September 16, 2008

The Wrath of Mother Nature

If you have not been HERE to see the before and afters... you must go.

I posted before it hit, that it was the misery I dreaded. People don't get it. They don't understand how nothing works... the fabric of society as we know it is torn.

As I posted years ago... the flooding is nasty chemical and sewage laden water, with a swirl of snakes and fire ants.

The misery is incomprehensible.

And how much do you want to bet they are allowed to rebuild on a barrier island?


Posted by Boudicca at September 16, 2008 09:04 PM | TrackBack
Comments

Just crazy!

Posted by: Sissy at September 16, 2008 10:04 PM

Holy mother of god! That is some scary shit. You read about the devastation and see the after pictures - but this comparison is really shocking.

And these people should NOT be allowed to rebuild there.

Posted by: Kris, in New England at September 17, 2008 09:21 AM

Oh, I agree that it was stupid for those that lived in Galveston to remain during the storm, and I am all for martial law to get everyone to vacate until it is habitable again. I am also annoyed at the entitlement from so many people that DIDN'T
BOTHER TO HAVE THREE DAYS WORTH OF SUPPLIES! GAH! However, to say that they can't or shouldn't rebuild on a barrier island/coastline is going a bit far. If you continue with that logic, there should be nothing anywhere on the Gulf Coast, Southern Atlantic coast and the state of Florida should be almost uninhabited. Most of California should also clear out. Kansas, Oklahoma and West Texas should also reconsider habitation. Let's then add everyone along a river and on and on. I don't usually subscribe to slippery slope mentality, but there are acts of God all across the nation that happen on a fairly regular basis. That's what the insurance "racket" is for. However, I do think that insurance rates should (and generally do) reflect the risk and those without sufficient insurance perhaps should not expect FEMA to pay to rebuild a dwelling in a high-risk insurance area. Nor should FEMA allow their dollars to be spent for that. Then again, you can't really tell someone that they can't rebuild where their job and lives have always been. BOI's (born on island) are very stubborn and territorial, as we have all seen. The island is in their blood. Anyone who rebuilds should have complete insurance coverage and rebuild accordingly. Also, 18-20 ft concrete pilings and steel beam construction should be the standard, not the exception for only $1M homes.

Besides all of that, the state may take over many properties ($1M ones, too) because they are now past the vegetation line. I haven't heard the Governor address this subject, yet. However, the State of Texas automatically stakes claim to any coastal property past the vegetation line to keep people from building too close to the beach to allow for erosion. There were yards of erosion in this storm - entire rows of houses were washed away and houses that were set a fair distance from the sand are now ON the beach as you can see in the before and after photos. That is really a huge bummer - I'm not sure how that will all work out. Will insurance payout if the property has been claimed by the state? This could really ruin some lives. It is horrible if it is your home you lost and you have to try to move on, but to have your finances ruined over a vacation home and possibly lose your other undamaged home in the process, too...what awful irony.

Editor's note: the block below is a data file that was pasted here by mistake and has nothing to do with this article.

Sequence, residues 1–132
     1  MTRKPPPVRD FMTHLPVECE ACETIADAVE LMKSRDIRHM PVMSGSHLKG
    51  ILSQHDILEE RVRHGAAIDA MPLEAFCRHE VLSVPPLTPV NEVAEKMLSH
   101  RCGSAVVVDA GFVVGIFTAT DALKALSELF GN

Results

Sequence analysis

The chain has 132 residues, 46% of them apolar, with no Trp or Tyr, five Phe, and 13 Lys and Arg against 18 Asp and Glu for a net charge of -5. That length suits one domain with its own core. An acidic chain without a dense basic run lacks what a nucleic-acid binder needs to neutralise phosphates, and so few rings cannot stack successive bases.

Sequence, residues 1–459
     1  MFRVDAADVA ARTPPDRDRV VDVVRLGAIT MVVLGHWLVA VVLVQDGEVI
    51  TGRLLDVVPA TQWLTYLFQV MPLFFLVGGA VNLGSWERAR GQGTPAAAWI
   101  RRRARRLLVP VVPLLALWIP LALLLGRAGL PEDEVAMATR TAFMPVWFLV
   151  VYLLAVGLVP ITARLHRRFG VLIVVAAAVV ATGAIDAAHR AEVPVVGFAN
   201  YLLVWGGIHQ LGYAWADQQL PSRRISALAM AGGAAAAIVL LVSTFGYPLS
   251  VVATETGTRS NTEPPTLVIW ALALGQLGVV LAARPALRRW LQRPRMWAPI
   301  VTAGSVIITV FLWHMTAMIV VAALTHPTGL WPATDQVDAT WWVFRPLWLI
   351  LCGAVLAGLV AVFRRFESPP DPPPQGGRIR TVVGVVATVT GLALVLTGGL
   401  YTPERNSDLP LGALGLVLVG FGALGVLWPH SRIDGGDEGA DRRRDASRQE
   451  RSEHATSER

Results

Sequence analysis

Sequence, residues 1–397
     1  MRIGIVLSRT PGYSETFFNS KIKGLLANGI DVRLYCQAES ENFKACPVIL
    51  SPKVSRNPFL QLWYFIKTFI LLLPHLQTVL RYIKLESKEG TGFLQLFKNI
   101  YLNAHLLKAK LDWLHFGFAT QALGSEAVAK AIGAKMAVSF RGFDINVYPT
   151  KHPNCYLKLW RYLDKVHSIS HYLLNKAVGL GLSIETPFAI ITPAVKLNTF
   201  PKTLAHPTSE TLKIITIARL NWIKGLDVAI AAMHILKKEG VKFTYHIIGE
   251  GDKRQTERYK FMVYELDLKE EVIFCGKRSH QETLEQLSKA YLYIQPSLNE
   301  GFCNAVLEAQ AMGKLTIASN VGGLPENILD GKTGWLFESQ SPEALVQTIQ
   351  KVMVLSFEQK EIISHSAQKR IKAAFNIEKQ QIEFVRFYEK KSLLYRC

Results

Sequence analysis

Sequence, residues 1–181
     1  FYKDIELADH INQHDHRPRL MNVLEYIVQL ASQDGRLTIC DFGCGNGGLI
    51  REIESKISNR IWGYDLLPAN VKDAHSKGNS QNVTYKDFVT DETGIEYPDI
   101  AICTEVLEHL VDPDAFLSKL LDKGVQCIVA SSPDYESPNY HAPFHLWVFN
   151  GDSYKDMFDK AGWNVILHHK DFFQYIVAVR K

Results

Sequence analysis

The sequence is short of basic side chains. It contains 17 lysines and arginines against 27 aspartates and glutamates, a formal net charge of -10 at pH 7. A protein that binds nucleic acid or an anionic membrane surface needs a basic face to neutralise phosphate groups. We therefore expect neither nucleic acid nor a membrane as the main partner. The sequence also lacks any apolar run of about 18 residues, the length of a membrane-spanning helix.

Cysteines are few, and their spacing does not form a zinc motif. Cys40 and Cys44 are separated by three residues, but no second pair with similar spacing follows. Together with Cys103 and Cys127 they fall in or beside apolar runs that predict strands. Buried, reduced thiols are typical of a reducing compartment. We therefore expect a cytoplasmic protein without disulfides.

Bolivar is pretty much just gone. Very much like Greensburg, Kansas that got wiped out by a tornado. Luckily the historic Bolivar lighthouse and the two vintage family homes on the property seemed to make it fairly unscathed. I actually dated one of the boys whose family owns that vacation property when I was in high school - I spent a few fun days there. His cousin and his wife have been living there and painstakingly restoring the homes. I spent a lot more time in Crystal Beach which is now just GONE. I went to high school in Beaumont and Crystal was the closest beach for hanging out. So much time spent there. (So much Boone's Farm...)

Farther north, the Texas City Dike is gone - I fished and crabbed off of that dike and drank sodas at the fishin' joints with my dad. I lived there until 3rd grade and have so many memories of those fishing trips. Gone.